Mid-way through the surgery, the Doctor wakes up and is like “stop operating on me, you’re going to kill me” and Dr. Grace is like whatever and then she totally kills him with her so-called “modern medicine”! Double whoops! And the Doctor’s off to the morgue.
This would be a good time to mention that up until this point, the Doctor has been played by the last actor to play him in the BBC series, a fine gentleman named Sylvester McCoy, who was the 7th actor to portray the role (and quite generous, if you ask me, about participating in this malarkey). If you’re new here, the way Doctor Who pulls off these casting shenanigans is that every time the Doctor dies, he “regenerates” as a new duder with the same memories but a different fashion sense.
Reason I mention it? It’s time for the Doctor to regenerate into Paul McGann! In an attempt to be arty, this is intercut with the “It’s alive!” scene from the classic Frankenstein. This attempt is not successful.
So now the Doctor has floppy hair and — thanks to raiding the locker room at the hospital — a fancy velvet coat and ascot (as an ascot enthusiast, I am pleased). He also has amnesia! Oh good. The one person he recognizes, though, is Dr. Grace, since she killed him and all, so when she storms out of the hospital thanks to having just been fired, because she didn’t want the hospital administrator to cover up the fact that she did heart surgery on a guy with two hearts (and killed him!), the Doctor chases after her and asks for her help. The reason I did that all as one big run-on sentence is that I thought if I could get the stupid out all at once, it wouldn’t hurt as much to type it. I was wrong.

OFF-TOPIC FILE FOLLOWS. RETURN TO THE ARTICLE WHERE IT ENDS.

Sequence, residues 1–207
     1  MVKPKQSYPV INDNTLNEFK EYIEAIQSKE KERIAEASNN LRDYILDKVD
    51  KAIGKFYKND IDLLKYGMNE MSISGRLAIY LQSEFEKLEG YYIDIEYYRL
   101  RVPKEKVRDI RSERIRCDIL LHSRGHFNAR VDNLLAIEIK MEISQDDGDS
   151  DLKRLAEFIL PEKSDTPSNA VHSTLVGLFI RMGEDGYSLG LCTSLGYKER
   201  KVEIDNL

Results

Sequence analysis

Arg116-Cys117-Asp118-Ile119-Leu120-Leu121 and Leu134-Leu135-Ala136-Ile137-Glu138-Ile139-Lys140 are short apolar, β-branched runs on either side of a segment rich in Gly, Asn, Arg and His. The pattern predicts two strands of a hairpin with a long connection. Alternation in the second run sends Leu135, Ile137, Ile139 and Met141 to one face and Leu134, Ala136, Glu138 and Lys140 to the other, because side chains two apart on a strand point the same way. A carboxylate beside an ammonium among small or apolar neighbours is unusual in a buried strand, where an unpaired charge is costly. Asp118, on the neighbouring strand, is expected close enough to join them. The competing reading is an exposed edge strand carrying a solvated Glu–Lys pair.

Grace agrees to give him a ride back to her place (why? not sure) where she discovers that she is now single, because her opera-going companion got pissed off about her ditching him at the opera to do her job and so moved all of his shit out of their swank house in the middle of the night. Sure, okay. At this point, I’m just gonna go with it.
Oh, right, there’s all this shit with the Master. Here’s all you need to know — the Master is trying to find the Doctor because he wants to steal the Doctor’s remaining regenerations (there’s a limit of 13, and the Doctor’s on number 8, so if you ask me the Master could probably find a younger Time Lord and get a better deal out of it, but whatever). Helping him is Chang Lee through the magic of coincidental meetings and the Master convincing Chang Lee that the DOCTOR is the douche, not him! Given that the Master has the power to hypnotize people, this seems like an unnecessary bit of trickery, but as we’ve already established in this paragraph the Master is a shitty strategist. So shitty, in fact, that his primary means of locating the Doctor is to strut around like Robert Patrick in Terminator 2.